A €500 million-per-year initiative to boost development in the 12 Mediterranean partner countries of the EU does not go far enough to prepare the Union's volatile southern flank to become a free trade area by 2010.
Under the scheme hammered out by Euro-Med finance ministers in Barcelona, the European Investment Bank will gradually increase its loans to the region to €2 billion per year. Analysts gave the initiative a qualified welcome.
“[It] is positive in the sense that it promotes direct investment in medium and small enterprises, which will help create jobs,” Noureddine Fridhi, a policy advisor at MEDEA, a Brussels-based think-tank, told me. But Fridhi said the Mediterranean ministers had hoped to come away with a more generous deal to help them meet the challenges of reform, slowing growth and rampant unemployment.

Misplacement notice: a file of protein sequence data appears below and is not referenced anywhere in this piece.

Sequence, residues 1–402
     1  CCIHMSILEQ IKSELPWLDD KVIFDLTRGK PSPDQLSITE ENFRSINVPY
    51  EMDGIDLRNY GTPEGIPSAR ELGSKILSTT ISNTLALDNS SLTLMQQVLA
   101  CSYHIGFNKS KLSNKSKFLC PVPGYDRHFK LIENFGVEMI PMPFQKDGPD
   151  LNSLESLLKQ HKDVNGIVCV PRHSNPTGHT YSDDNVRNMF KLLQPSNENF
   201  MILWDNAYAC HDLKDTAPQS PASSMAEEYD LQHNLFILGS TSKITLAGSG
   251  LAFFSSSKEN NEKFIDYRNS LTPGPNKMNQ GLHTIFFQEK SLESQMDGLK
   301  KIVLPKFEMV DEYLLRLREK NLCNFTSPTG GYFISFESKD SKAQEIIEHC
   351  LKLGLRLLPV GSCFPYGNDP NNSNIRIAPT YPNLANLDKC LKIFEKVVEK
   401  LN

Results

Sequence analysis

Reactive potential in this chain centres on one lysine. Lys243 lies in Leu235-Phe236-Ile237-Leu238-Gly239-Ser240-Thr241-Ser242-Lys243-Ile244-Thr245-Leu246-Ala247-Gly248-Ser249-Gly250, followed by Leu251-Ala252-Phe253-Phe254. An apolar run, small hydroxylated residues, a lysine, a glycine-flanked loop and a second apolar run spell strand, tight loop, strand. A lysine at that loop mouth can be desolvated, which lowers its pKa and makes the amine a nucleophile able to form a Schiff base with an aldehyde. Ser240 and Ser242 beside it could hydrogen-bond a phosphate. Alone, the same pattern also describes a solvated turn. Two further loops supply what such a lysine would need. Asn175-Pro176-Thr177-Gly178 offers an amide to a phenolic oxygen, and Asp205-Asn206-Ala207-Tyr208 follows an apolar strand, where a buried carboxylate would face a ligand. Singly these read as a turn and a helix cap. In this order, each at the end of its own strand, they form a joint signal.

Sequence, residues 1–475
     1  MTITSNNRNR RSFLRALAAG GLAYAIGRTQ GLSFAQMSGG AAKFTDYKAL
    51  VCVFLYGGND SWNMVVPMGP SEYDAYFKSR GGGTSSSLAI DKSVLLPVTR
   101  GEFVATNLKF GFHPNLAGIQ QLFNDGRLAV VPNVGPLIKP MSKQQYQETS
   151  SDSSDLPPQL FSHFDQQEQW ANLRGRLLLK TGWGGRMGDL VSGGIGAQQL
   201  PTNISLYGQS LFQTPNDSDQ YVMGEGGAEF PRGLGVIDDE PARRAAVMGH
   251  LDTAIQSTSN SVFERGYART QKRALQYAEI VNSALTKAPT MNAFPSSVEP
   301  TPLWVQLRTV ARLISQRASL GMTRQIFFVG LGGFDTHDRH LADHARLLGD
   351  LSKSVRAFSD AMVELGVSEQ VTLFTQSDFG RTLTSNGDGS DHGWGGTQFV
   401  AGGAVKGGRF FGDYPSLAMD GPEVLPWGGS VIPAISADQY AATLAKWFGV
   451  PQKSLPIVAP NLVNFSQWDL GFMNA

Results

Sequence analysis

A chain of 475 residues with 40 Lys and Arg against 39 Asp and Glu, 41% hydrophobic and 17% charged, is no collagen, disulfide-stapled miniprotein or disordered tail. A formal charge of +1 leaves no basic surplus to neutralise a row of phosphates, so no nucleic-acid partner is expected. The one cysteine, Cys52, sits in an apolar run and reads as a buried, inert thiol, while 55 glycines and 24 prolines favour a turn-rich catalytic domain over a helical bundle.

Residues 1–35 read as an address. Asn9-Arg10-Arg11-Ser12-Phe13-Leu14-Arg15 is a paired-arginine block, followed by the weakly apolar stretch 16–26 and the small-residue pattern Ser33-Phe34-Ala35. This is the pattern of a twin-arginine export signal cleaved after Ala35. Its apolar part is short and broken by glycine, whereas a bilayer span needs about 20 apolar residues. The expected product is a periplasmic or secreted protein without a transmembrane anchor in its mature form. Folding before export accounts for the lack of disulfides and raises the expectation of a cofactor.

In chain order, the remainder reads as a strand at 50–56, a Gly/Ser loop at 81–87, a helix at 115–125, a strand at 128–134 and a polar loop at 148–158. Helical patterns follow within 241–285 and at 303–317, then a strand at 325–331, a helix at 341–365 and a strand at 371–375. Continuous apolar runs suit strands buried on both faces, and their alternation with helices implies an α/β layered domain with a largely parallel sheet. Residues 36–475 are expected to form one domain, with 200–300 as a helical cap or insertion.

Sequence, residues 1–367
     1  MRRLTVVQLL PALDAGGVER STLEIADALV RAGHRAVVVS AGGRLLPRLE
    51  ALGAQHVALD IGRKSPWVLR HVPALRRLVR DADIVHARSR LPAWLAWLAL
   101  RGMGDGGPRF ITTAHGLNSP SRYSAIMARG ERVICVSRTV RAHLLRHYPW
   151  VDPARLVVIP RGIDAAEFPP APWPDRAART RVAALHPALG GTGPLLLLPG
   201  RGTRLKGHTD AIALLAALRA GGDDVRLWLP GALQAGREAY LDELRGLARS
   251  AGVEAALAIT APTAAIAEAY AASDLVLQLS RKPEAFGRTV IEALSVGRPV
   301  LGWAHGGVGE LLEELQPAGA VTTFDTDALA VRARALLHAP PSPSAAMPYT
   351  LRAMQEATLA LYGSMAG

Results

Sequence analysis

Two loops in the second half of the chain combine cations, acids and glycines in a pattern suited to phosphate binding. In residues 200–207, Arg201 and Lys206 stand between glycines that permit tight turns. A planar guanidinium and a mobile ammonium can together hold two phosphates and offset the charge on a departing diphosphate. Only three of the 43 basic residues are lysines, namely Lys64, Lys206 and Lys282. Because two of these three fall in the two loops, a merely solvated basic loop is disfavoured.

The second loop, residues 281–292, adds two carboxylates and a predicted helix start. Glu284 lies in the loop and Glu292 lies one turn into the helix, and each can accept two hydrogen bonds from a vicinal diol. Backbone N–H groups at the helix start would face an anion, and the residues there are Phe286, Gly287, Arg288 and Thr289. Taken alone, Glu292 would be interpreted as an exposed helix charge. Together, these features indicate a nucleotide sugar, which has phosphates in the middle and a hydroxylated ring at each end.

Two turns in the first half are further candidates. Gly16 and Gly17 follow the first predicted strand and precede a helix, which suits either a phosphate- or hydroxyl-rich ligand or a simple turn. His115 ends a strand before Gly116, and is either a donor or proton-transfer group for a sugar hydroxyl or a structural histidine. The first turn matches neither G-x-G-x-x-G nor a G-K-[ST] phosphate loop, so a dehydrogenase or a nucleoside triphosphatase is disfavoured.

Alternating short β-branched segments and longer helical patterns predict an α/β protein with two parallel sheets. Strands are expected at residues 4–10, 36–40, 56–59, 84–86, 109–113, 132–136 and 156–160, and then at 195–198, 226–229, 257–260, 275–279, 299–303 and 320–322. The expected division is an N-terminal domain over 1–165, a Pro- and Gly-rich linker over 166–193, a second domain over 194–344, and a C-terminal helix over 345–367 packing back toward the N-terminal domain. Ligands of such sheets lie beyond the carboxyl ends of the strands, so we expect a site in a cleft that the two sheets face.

In addition to increased capital transfers, the EU also needs to step up its technical assistance and liberalise its own trading practices, experts say. “The EU should be more flexible on rules of origin, especially for clothing and textiles, which are very restrictive,” said Miriam Manchin, a research fellow at the Centre for European Policy Studies in Brussels. She added that the EU also needs to remove barriers in agricultural and service sectors.
However, Fridhi suggested the Mediterranean could do more to attract investment, such as implementing political, social and economic reforms.
There is also mounting concern that the Israeli-Palestinian conflict and a possible war in Iraq might delay or scupper the Euro-Med integration process, which began in Barcelona in 1995.
This article appeared in the 31 October 2002 issue of European Voice.